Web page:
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Thursday, 9 November, 2000, 00:54 GMT
Cancer treatment breakthrough
Lab work
Test analyses the patient's genetic structure
Scientists have developed a test that can tell if cancer patients are likely to respond to the most common drug treatment.

A version of the test, developed by UK firm Virco, could soon be routinely used by doctors.

The test detects whether a particular gene, the MGMT gene, has a molecule called methyl attached to it.


This has the potential to be turned into a diagnostic tool that could help improve cancer therapy significantly

Professor Steven Baylin, Johns Hopkins University, Baltimore
Research carried out by Virco showed that brain tumour patients who tested positive for the methyl molecule were 16 times more likely to respond to treatment with the most common form of chemotherapy.

They were also ten times less likely to die during the three years of follow-up than were those who tested negative.

The chemotherapy drugs in question are called alkylating agents.

They work by attaching to the genes in cancer cells, causing various changes that lead to the death of the cancer cell.

If the MGMT gene has no methyl attached it can switch on a repair process which counteracts the effect of the alkylating drug.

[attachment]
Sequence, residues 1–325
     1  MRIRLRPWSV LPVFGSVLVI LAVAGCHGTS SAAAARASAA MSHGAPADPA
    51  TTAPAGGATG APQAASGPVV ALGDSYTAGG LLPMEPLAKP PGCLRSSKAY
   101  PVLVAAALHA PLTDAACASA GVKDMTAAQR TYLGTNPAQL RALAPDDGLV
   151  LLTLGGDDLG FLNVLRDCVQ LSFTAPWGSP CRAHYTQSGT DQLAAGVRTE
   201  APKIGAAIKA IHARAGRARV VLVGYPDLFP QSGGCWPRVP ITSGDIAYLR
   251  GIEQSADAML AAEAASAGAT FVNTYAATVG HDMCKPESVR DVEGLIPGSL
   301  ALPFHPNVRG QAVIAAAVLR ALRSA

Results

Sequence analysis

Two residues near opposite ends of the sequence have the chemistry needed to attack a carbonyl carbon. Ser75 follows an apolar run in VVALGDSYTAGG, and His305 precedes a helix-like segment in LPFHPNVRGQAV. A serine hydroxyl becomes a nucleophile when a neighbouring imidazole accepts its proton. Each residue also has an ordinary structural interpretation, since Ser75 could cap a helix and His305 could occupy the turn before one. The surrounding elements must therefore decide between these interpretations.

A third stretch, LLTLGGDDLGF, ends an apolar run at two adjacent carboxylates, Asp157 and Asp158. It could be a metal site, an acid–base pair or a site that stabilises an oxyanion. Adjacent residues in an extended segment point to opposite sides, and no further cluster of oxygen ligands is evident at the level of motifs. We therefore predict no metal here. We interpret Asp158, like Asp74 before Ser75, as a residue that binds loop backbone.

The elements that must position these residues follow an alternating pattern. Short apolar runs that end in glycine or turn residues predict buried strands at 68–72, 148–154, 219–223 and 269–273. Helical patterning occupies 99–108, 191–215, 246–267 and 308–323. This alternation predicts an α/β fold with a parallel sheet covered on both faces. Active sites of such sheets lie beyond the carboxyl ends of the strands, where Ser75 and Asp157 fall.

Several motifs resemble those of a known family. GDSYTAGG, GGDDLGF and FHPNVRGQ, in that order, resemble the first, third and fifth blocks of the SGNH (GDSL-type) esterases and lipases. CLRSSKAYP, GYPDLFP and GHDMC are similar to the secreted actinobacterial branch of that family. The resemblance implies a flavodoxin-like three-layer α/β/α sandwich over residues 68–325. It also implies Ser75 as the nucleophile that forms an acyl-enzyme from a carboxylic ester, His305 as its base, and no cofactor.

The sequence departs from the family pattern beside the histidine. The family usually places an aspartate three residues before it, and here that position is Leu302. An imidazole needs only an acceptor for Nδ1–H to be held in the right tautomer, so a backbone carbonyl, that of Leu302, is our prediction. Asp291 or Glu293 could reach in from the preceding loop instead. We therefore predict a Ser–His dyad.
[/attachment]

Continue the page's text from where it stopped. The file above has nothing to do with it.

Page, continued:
Diagnostic tool

The research was conducted at the Comprehensive Cancer Research Center at Johns Hopkins University in Baltimore, Maryland.

Professor Steven Baylin, one of the lead researchers, said: "This has the potential to be turned into a diagnostic tool that could help improve cancer therapy significantly.'

Virco is now developing a routine version of the test to help doctors target alkylating drugs for those patients who test positive for methylated MGMT genes.

In addition a drug to inhibit the MGMT gene and re-sensitise the patient to treatment with alkylating agents is under development.

The study researchers chose to examine brain tumour (glioma) patients because methylation of the MGMT gene is common in this type of cancer.

The findings could potentially help to tailor the treatment of a number of other common cancers, including lymphomas, lung, head and neck, and colorectal cancers.

Positive reaction

Dr Victoria Wilson, of the Cancer Research Campaign, told BBC News Online: "The ability of our cells to repair DNA damage is one of the major reasons for the failure of treatment with some of our most commonly used anti-cancer drugs, and temporarily switching off repair is one approach that is being actively investigated.


If this diagnostic test can really deliver what it promises it would be a valuable addition to the techniques available to doctors

Dr Victoria Wilson, Cancer Research Campaign
"What's interesting about this approach is that it will allow doctors to distinguish two sub-groups of patients with different abilities to repair damage caused by chemotherapy and to select the best treatment for each group.

"Any new marker that enables doctors to predict who will respond to a particular drug and help target the most appropriate treatment to each patient is certainly welcome.

"If this diagnostic test can really deliver what it promises it would be a valuable addition to the techniques available to doctors."

The research is published in the New England Journal of Medicine.

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06 Nov 00 | Health
Worries over cancer blood test
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